Ann Arbor Women Artists. FREE. 996-2551. 4844 Jackson Rd. (suite 100), 7:30 p.m.
Mar. 18: “Women Art Revolution” (Lynn Hershman Leeson, 2010). Documentary with rare archival footage and interviews with leading women artists about the Feminist Art Movement. With an introduction by Michigan Women’s Caucus for Art president Brenda Oelbaum.
Mar. 6: “The 49th Parallel” (Michael Powell, 1941). A WWII German U-boat, stranded in northern Canada, tries to escape to the still-neutral U.S. Also, film scholar Mary Tubbs gives an introductory talk on “Invasion-Free since 1812: Walking with the Enemy and Talking Freedom in The 49th Parallel” and leads a discussion of the film.
Mar. 13: “The Deer Hunter” (Michael Cimino, 1978). 3 Pennsylvania factory workers end up in a Vietcong POW camp. Robert De Niro & Christopher Walken. Also, Tubbs gives an introductory talk on “Over Here Over There: Meanings of Survival in The Deer Hunter” and leads a discussion of the film.Mar. 20: “Catch-22” (Mike Nichols, 1970). Film based on Joseph Heller’s classic WWII black humor novel about a bombardier who tries to escape the insanity of the war. Also, Tubbs gives an introductory talk on “Looking Forward by Looking Back, Part 2: An Enemy for a New Age in Catch-22” and leads a discussion of the film.
Mar. 22: “Stealing Africa” (Christopher Guldbrandsen, 2012). Documentary about the reasons Zambia’s copper resources have not made the country rich.
Mar. 27: “Images from Detroit’s Cass Corridor” (Kathryn Brackett Luchs & Shaun Bangert, 2002). Documentary about Detroit artists of the 1960s & 70s who worked in a rundown area near Wayne State University, exploring such post-Modernism themes as industrial and post-industrial Detroit, existential vulnerability, the human need for shelter, the presence or absence of order in nature, and others. In conjunction with the current exhibit (see Galleries).
Mar. 16: “Spiritual Cinema.” Screening of a feature film or several shorts TBA with spiritual themes. Followed by discussion.
Mar 29: “The Lamp: All Things Are Possible if You Just Believe” (Tracy J. Trost, 2011). Drama about a father who regains hope after a devastating loss.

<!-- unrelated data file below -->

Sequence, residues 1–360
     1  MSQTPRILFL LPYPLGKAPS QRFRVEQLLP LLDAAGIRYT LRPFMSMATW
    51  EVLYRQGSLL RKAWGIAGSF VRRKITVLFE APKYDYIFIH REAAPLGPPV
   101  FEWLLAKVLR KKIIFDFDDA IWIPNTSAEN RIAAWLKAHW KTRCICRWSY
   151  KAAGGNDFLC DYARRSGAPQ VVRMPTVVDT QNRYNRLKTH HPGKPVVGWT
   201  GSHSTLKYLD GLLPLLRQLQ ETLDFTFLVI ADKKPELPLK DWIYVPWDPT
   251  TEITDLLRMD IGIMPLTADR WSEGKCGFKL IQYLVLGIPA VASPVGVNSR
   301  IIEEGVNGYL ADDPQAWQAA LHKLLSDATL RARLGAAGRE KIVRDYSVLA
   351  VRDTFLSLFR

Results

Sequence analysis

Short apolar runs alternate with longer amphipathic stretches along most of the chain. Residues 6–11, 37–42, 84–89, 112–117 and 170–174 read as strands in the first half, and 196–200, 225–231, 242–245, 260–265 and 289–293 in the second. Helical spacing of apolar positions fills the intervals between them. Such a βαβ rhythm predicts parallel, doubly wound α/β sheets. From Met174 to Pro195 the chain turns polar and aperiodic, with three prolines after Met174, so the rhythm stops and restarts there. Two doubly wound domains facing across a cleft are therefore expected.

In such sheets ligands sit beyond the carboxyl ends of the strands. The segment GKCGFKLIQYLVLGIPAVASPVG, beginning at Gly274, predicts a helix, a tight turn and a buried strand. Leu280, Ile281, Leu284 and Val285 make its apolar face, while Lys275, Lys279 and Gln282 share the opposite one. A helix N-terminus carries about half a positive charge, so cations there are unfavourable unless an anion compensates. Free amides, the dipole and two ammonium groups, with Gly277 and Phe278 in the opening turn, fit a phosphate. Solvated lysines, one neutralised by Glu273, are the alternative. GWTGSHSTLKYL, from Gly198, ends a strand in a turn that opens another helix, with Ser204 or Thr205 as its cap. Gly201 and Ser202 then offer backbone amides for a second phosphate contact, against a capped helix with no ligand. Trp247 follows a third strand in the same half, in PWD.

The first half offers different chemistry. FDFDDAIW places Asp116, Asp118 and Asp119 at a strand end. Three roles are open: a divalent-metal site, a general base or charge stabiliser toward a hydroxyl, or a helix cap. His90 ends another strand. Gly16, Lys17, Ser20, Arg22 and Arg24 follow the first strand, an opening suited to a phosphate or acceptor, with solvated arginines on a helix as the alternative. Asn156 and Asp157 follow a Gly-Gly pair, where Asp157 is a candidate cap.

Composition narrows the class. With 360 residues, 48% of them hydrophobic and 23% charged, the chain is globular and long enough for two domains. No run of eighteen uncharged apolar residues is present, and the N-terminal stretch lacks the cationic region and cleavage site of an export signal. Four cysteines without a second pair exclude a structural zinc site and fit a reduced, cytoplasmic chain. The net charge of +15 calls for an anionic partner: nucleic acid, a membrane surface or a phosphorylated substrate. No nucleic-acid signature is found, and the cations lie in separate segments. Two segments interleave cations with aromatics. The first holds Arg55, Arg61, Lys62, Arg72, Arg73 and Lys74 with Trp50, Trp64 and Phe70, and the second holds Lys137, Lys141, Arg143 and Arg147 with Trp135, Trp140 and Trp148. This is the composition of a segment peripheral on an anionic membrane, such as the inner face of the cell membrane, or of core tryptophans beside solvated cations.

Mar 2-7: “56 Up” (Michael Apted & Paul Almond, 2012). Documentary about a group of British citizens who have been interviewed every 7 years since 1964, when they were all 7 years old.
Mar. 3: “The Princess Bride” (Rob Reiner, 1987). Sweet, witty, tongue-in-cheek fairy tale about a farm girl kidnapped by a villainous ruler who intends to make her his princess. Mandy Patinkin, Cary Elwes, Robin Wright Penn, Christopher Guest, Wallace Shawn, Andre the Giant, Billy Crystal. Kids under 12, free. 1:30 p.m.
Opens Mar. 8: “A Place at the Table” (Kristi Jacobson & Lori Silverbush, 2012). Documentary about the millions of Americans who go hungry. With Jeff Bridges & Tom Colicchio.
Mar. 9: “Glove” (Kang Woo-suk, 2011). A hot-tempered former pro baseball player hides out from the media in the countryside, where he coaches a team of deaf players. Korean, subtitles. FREE, 2 p.m.
Mar. 11: “The Player” (Robert Altman, 1992). Satire about a Hollywood studio executive who murders an aspiring screenwriter he believed was sending him death threats. Tim Robbins. 7 p.m.
Mar. 13: “Best in Show” (Christopher Guest, 2000). Clever, very funny satire about dog lovers bound for a dog show. Followed by a talk by U-M biopsychology lecturer Camille Ward on the development of social behavior in dogs and human-canine communication. 7 p.m.
Mar. 16: “In Another Country” (Hong Sang-soo, 2012). A young film student and her mother run away to the seaside town of Mohang, Korea, to escape their mounting debt. Korean, subtitles. FREE, 2 p.m.
Mar. 16-18: “Happy People: A Year in the Taiga” (Werner Herzog & Dmitry Vasyukov, 2010). Documentary about the indigenous people living in Bakhtia in the heart of the Siberian Taiga whose daily lives have barely changed over the last century. English & Russian, subtitles.
Mar. 18: “Dumb and Dumber” (Peter Farrelly, 1994). The adventures of two idiot buddies on a cross-country trip. Jim Carrey, Jeff Daniels. 7 p.m.
Mar. 25 & 26: “Brooklyn Castle” (Katie Dellamaggiore, 2012). Documentary about a junior high school champion chess team.
Mar. 26-28: “Barbara” (Christian Petzold). Drama set in 1980s East Germany about a doctor who’s banished to a small country hospital after applying for an exit visa. German, subtitles.
Mar. 27: “Shenandoah” (David Turnley, 2012). See Inside Ann Arbor, p. 11. Documentary about a coal mining town whose traditions and identity are challenged when 4 of its star football players are charged with beating to death an undocumented Mexican immigrant. Followed by a panel discussion with speakers TBA. 7 p.m.